For Fans Of
The lead up to this album was definitely a different one for The Maine. After releasing their major label debut, Black and White, to a less than positive reception from a large section of the band’s fanbase, everyone was in for a surprise this time around.
Heading into this album the Arizona five piece decided to drop their major label backing, instead choosing to release their third studio album independently, through their own label, Action Theory Records. This is a big step for any band and will either certainly hit the mark or completely miss it all together.
Here stands Pioneer, an album that no one expected to be released by a band like The Maine, a band who are best known for their cheeky, upbeat pop hooks and tongue in cheek lyrics. What you will find is a sound that is stripped back and matured. There isn’t any auto-tune, synth sections or sassy lyrics on this record. Instead what you will find is the work of five musicians- stripped back vocals, simple guitars and bass, a drum kit, some added piano and percussion in places and a pure honesty and heart that is missing from a lot of “pop rock” albums released nowadays.
Fans of the bands previous albums may have to discard their preconceived expectations of what they think a The Maine album should sound like to even begin to enjoy it. While some tracks seem to feature sections of their previous albums, for the most part this is a completely new The Maine. The album is simple. It doesn’t ever try to be in your face or overly technical. Instead what it prides itself on is a real honesty and emotion that can be felt from the raw, rough vocals of John O’Callaghan all the way through to the steady, timed drum beats at the hands of Pat Kirch.
The emotional honesty isn’t higher on the album then in tracks “I’m Sorry” and “Jenny”. The first opens with drums, keys and guitars all flowing together in a simple melody before O’Callaghan’s smooth yet gritty vocals kick in. The passion behind his voice is evident right from the beginning and the simplicity of the instruments help to bring that emotion to the forefront. “Jenny” is a track that O’Callaghan wrote for his mum. The soft, emotion laden vocals are again carried by simple, cruisy, blues-infused instruments. It is a beautiful track made up of soft keys, simple guitar and bass lines held together by steady drums and percussion, all the while O’Callaghan’s pure, honest vocals carry the track, accompanied by those of guitarist Kennedy Brock.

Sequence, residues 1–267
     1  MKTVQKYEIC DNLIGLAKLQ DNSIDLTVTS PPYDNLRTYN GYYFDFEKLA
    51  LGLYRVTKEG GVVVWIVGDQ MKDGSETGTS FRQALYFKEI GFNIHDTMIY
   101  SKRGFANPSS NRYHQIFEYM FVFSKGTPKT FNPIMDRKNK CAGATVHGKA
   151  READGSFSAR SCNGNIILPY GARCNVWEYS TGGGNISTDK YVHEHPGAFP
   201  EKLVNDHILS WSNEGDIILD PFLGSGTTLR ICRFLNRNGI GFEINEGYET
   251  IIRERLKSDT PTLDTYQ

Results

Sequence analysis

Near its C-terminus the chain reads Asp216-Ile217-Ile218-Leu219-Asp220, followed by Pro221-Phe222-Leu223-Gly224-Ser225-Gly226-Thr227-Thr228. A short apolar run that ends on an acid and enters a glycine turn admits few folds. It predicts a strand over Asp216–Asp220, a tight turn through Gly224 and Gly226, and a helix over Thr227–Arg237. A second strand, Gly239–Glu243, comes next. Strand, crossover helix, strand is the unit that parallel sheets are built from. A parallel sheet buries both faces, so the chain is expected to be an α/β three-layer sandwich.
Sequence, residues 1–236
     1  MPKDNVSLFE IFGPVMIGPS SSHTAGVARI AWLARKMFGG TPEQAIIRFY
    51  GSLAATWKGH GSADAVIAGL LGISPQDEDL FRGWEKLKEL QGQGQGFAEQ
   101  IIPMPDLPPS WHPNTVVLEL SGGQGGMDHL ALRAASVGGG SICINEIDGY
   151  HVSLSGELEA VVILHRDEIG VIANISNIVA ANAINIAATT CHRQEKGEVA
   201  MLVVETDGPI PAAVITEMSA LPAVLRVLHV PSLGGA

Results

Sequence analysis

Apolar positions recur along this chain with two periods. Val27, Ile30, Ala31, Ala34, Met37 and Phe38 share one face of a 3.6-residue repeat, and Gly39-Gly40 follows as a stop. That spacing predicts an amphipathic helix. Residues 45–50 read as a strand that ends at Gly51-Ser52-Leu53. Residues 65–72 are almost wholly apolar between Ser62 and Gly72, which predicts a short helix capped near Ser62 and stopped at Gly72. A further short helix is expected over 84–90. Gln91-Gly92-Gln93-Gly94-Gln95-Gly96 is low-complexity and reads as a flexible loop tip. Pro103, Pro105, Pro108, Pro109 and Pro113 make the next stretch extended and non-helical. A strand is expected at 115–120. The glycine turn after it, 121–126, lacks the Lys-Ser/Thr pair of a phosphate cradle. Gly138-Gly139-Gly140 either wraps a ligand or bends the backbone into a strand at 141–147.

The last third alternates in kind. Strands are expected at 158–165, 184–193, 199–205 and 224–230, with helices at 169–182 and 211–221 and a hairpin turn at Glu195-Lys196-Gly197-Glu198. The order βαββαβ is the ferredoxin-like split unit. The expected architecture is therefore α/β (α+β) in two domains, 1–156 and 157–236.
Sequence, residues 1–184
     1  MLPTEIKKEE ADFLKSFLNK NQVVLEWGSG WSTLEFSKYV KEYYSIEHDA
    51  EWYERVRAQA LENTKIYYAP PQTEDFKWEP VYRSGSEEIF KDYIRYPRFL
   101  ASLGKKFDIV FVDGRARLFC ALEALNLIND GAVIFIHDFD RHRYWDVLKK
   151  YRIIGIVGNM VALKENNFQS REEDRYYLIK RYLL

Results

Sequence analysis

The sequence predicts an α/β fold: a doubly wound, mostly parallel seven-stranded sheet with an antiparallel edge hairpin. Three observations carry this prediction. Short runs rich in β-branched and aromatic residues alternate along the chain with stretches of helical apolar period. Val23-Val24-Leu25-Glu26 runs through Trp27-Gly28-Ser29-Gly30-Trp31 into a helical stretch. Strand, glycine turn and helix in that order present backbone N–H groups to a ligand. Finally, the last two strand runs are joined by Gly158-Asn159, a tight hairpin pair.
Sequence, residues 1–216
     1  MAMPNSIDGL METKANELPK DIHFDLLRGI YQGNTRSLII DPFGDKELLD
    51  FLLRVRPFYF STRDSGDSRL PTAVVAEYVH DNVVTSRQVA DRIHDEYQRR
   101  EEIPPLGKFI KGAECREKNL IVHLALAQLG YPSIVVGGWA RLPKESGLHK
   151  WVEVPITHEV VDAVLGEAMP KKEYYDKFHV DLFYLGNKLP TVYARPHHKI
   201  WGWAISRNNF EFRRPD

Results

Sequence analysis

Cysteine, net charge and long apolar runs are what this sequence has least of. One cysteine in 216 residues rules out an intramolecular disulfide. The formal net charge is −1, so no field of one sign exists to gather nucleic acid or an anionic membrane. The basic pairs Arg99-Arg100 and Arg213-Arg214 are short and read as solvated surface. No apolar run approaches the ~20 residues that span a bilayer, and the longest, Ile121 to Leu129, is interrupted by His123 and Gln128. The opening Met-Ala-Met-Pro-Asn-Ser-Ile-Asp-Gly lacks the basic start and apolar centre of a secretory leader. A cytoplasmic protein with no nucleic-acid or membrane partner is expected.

Album opener “Identify” perfectly sets the mood for the album. It opens soft and slow, with simple guitars and smooth vocals before the rest of the band kick in, in a teasing cascade of instruments before pulling back into a simple layered melody to carry the vocals along. The chorus builds up again while still feeling somewhat soft. The track is made up of simple lyrics and instruments layered perfectly together to create an opening that instantly displays a new, redefined The Maine. All this while highlighting how complete the band sound together. This is an aspect that has to be highlighted, right throughout the album the dual guitars of Brock and Jared Monaco tie seamlessly together, while the bass lines of Garrett Nickelsen and the drums from Kirch flow together helping to keep the timing and tempo of the tracks steady and chaotic in equal measure. Together the entire band sound synchronized and whole.